Grand Opening for Restored Saturn V Rocket
Johnson Space Center hosted the grand opening of a restored Houston landmark and national treasure, the immense Saturn V rocket, on July 20, 38 years to the day after humans first walked on the moon.
The 30-story tall rocket, which rests at the space center gate, is part of the Smithsonian National Air and Space Museum collection and one of only three such rockets in existence.
Speakers at the ribbon cutting ceremony included astronauts and moonwalkers John Young and Alan Bean, as well as astronauts Walt Cunningham, who flew on the Apollo 7 flight in earth orbit, and Joe Kerwin, who flew in an Apollo spacecraft to the Skylab space station. Apollo-era flight director Chris Kraft, Curator of the Apollo collection at the National Air and Space Museum Allan Needell, and JSC Center Director Mike Coats also participated.
Ribbon cutting at Saturn V Grand Opening Ceremony on July 20, 2007. Credit: NASA
Kraft said the anniversary brings back a number of memories.
“Each time this date rolls around, the landing of men on the moon seems to become more surreal,” Kraft said. “At the time, it seemed the start of a fantastic voyage to the stars.”
The Saturn V is one of the largest and most significant artifacts in the Smithsonian’s National Air and Space Museum collection. It has been on loan to Johnson since 1977. The rocket is made up of parts from launch vehicles originally designated for Apollo 18 and 20.
The Saturn V remains the most powerful rocket ever built, and it was launched 13 times from 1967 to 1973, carrying 27 Apollo astronauts into space. Nine of the missions it launched traveled to the moon, and six landed there. The final Saturn V launch in 1973 put Skylab, America's first space station, in orbit.
“I have to say there was genius behind the design of this thing,” said Bean. “Behind the hardware were thousands of men and women that were able to imagine this vehicle to begin with, and they were able to design and manufacture it.”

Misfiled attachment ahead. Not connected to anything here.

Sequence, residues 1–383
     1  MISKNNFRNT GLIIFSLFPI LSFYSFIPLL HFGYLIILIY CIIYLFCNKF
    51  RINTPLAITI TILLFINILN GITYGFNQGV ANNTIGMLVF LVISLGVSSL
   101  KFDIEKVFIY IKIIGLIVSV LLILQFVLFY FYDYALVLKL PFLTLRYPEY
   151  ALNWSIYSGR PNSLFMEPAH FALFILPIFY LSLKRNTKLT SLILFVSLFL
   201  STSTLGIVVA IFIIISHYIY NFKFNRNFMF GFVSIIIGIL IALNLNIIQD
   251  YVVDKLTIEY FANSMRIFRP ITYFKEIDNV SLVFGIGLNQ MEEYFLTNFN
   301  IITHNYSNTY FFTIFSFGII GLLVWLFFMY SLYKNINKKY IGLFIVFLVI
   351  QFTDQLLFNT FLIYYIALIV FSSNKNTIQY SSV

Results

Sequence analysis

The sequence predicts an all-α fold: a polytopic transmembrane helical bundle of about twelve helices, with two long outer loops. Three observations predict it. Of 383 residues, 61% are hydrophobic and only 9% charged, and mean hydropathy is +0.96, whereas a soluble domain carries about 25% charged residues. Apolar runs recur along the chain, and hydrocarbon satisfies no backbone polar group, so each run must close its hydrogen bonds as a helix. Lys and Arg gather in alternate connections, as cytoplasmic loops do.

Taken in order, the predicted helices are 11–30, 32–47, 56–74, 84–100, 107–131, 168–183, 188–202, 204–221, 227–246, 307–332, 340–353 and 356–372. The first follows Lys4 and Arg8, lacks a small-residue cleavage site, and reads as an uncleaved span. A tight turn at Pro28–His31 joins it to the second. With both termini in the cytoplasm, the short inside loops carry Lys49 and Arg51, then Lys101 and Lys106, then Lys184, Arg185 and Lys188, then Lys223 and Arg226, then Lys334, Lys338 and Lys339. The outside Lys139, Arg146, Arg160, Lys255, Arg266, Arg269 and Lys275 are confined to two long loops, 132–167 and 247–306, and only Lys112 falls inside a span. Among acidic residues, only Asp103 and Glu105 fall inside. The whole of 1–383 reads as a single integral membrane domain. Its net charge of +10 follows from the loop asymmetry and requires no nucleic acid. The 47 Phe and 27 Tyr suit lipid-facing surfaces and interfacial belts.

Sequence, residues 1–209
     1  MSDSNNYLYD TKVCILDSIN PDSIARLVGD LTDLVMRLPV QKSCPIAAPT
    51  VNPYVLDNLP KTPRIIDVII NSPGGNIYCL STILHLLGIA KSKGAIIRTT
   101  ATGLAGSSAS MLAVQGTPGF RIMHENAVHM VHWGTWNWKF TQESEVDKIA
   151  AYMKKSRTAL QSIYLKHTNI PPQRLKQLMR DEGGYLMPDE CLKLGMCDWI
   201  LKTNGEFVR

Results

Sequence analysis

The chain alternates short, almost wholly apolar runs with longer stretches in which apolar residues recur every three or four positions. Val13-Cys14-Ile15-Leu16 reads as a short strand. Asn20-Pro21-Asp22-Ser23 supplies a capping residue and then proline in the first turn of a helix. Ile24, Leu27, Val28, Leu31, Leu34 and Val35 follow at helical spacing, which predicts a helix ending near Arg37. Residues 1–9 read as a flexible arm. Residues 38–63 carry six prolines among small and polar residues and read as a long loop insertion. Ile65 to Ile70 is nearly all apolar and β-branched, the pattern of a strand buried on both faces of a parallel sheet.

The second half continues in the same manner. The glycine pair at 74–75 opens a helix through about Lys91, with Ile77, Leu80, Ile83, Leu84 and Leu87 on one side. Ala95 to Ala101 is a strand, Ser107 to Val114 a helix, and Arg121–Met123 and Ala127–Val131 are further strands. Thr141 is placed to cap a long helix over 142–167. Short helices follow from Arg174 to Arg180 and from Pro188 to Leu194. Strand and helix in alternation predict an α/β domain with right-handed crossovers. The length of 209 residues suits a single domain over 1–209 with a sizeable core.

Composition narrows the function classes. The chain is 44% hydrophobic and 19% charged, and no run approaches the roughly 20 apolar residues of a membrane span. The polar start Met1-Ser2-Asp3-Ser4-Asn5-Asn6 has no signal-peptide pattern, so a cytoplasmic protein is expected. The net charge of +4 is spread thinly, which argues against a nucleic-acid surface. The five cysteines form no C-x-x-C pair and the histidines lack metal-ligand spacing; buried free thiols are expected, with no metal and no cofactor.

Image at right: Attendees mingle after completion of Saturn V Grand Opening Ceremony on July 20, 2007. Credit: NASA
The Saturn V at Johnson had been exposed to the elements for more than 20 years while on display. The exposure had caused extensive corrosion and degradation.
“It was in poor condition and it was getting much worse,” said Needell. “It was to the point where if we didn’t intervene now, future attempts to save it would require replacing a lot of the original materials. We wanted to save as much of the original material as possible.”
In order to save the Saturn V, the National Air and Space Museum applied for a grant in 1999 to preserve the rocket through the Save America’s Treasures Program, the centerpiece of the White House National Millennium Commemoration. For the preservation, the museum received funds from Boeing, Lockheed Martin, Houston Endowment, Halliburton and other sources. Matching funds were provided by the National Park Service.
The goal was to return the rocket to a condition matching as closely as possible the way it would have appeared on the launch pad. The project team erected a climate-controlled building to house the rocket, designed and executed a testing program to evaluate the effectiveness of cleaning and repair treatments, developed a data management system for recording and retrieving information gathered, and stabilized and conserved the Saturn V to arrest its deterioration and make it suitable for display. The restoration ensures the Saturn V will remain on exhibit to inform and inspire many generations of visitors to come. The preservation work was performed by Conservation Solutions, Inc. of Washington, D.C.
The facility is now open daily from 9 a.m. to 6 p.m.